May 11, 2010

Week 2, day 2

There was quite a big gap in posting, but now that I'm all settled in TX and have started work, I think I'm more able to give some attention to my blog.

Today was week two, day two at my new job and I think I'm adjusting well. In case you missed my previous post, I took a position as a reference/instruction/collection development librarian at an urban community college in downtown Dallas. There is a lot to learn but my new supervisors and coworkers are understanding about information overload and being able to remember it all. I wanted to write about my initial perceptions and experiences at my first library job before I might forget, to reflect from the perspective of a recent graduate.

My paranoia was right: library school is not enough

(so I'm glad I went overboard in gaining hands-on experience outside of the classroom)

Library school certainly gave me enough theory and understanding of how to keep up with library news and topics so that I can have an intelligent conversation with other librarians and stay current professionally, but what is really helping me keep up right now in a live environment is my previous library work experience, as well as previous jobs in customer service. I honestly kiiiind of shrugged off how important my customer service experience in positions such as a lowly sales clerk would be, but it does make a big difference.

Every library school program has its pros and cons, and as happy as I am with what I took away from SIRLS, the reference class I had was very weak (and the instructor is no longer there if that says anything). It was 100% theory, with no practical experience, without even practicing on classmates. Because I had some previous experience in sales and virtual reference I feel a little better, but if I hadn't done an internship or had the position I had prior to my current job, I think I would have had more difficulties (and perhaps not gotten the job anyhow). However, whether a program has a great reference class or not, that work experience is invaluable! I highly urge current students to work or volunteer to get that background.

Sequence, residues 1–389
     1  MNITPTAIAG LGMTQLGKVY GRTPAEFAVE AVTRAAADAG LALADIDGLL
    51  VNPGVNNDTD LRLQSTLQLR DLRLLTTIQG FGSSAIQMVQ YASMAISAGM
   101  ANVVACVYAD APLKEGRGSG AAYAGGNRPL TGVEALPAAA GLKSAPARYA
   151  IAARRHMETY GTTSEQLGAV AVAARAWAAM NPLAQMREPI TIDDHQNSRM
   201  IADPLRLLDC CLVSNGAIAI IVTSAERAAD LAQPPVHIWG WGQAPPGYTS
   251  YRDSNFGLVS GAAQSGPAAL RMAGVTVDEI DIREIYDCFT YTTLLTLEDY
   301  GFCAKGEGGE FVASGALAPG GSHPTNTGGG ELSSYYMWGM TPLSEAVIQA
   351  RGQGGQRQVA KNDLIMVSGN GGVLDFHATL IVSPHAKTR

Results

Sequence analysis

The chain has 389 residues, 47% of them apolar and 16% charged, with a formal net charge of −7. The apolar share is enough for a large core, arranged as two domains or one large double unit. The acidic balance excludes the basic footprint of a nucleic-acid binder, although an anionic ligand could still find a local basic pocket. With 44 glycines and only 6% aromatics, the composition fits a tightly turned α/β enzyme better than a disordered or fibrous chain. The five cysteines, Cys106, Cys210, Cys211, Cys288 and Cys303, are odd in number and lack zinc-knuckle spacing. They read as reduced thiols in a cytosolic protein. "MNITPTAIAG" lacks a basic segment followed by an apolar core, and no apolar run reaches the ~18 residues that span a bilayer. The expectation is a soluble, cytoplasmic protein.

A Master's degree does not automatically equal expert

I'm glad I had spoken with others about how they felt on their first day at their first job, not just in LIS, but other fields; a common newbie misconception (and huge stressor) is believing just because one has a Master's that they should automatically be an expert and know everything. Every library is different, with different databases, OPACs, and procedures, so learning a lot on the job is necessary. When I don't know how to answer a student's question immediately, my first response is still to beat up on myself a little and get stressed, but I don't think it's possible for a new librarian to know how to do everything. When I shadow at the reference desk, it seems to be understood that there is a learning period, so I think I need to give myself a break (which I'm slowly learning to do better), and the more relaxed I am, the better customer service I can provide.

Watch and learn, do and learn

The best way to learn everything I need to get familiar with is to just watch others (shadowing) and then try it myself and learn from my mistakes. That was how I best remembered which supplement aids which ailment and is located in which section of the store when I worked in natural health, and it is how I'm best remembering how to help students find information in the library now. I've also taken a copy of every pathfinder and library guide created for our library so I can read them all over in my office when I have some down time. Practicing with the OPAC and various databases while it's slow at the desk is also very helpful. We have a binder of assignments instructors have shared with the library, so something else I'm going to do when I have more time is to try doing as many assignments on my own as I can so I know what the students will be going through (doing the just the research, not also writing the papers, of course).

I haven't started instruction yet (not until summer sessions), but I can say for reference, you just have to jump in and do it to learn. Making mistakes in front of students isn't fun, but it does at least show them you're human and gives you the chance to find out the answer for future questions.